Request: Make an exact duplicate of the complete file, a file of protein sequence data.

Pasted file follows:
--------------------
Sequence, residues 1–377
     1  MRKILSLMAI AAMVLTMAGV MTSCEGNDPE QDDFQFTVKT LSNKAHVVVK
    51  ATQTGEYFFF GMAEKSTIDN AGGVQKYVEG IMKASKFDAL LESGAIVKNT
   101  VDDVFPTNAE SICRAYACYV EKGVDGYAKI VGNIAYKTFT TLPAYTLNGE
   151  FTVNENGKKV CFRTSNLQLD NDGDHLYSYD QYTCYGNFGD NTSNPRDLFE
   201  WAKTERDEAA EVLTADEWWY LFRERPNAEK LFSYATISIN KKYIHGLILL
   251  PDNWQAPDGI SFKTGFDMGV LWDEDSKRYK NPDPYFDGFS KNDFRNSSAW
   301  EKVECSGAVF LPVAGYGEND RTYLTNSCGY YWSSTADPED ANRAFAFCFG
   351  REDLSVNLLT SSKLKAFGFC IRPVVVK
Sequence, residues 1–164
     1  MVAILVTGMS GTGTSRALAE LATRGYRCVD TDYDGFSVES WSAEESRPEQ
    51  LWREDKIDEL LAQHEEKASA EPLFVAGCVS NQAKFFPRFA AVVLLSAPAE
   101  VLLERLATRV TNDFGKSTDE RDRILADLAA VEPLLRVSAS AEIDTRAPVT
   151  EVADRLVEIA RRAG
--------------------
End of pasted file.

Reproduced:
Sequence, residues 1–377
     1  MRKILSLMAI AAMVLTMAGV MTSCEGNDPE QDDFQFTVKT LSNKAHVVVK
    51  ATQTGEYFFF GMAEKSTIDN AGGVQKYVEG IMKASKFDAL LESGAIVKNT
   101  VDDVFPTNAE SICRAYACYV EKGVDGYAKI VGNIAYKTFT TLPAYTLNGE
   151  FTVNENGKKV CFRTSNLQLD NDGDHLYSYD QYTCYGNFGD NTSNPRDLFE
   201  WAKTERDEAA EVLTADEWWY LFRERPNAEK LFSYATISIN KKYIHGLILL
   251  PDNWQAPDGI SFKTGFDMGV LWDEDSKRYK NPDPYFDGFS KNDFRNSSAW
   301  EKVECSGAVF LPVAGYGEND RTYLTNSCGY YWSSTADPED ANRAFAFCFG
   351  REDLSVNLLT SSKLKAFGFC IRPVVVK
Sequence, residues 1–164
     1  MVAILVTGMS GTGTSRALAE LATRGYRCVD TDYDGFSVES WSAEESRPEQ
    51  LWREDKIDEL LAQHEEKASA EPLFVAGCVS NQAKFFPRFA AVVLLSAPAE
   101  VLLERLATRV TNDFGKSTDE RDRILADLAA VEPLLRVSAS AEIDTRAPVT
   151  EVADRLVEIA RRAG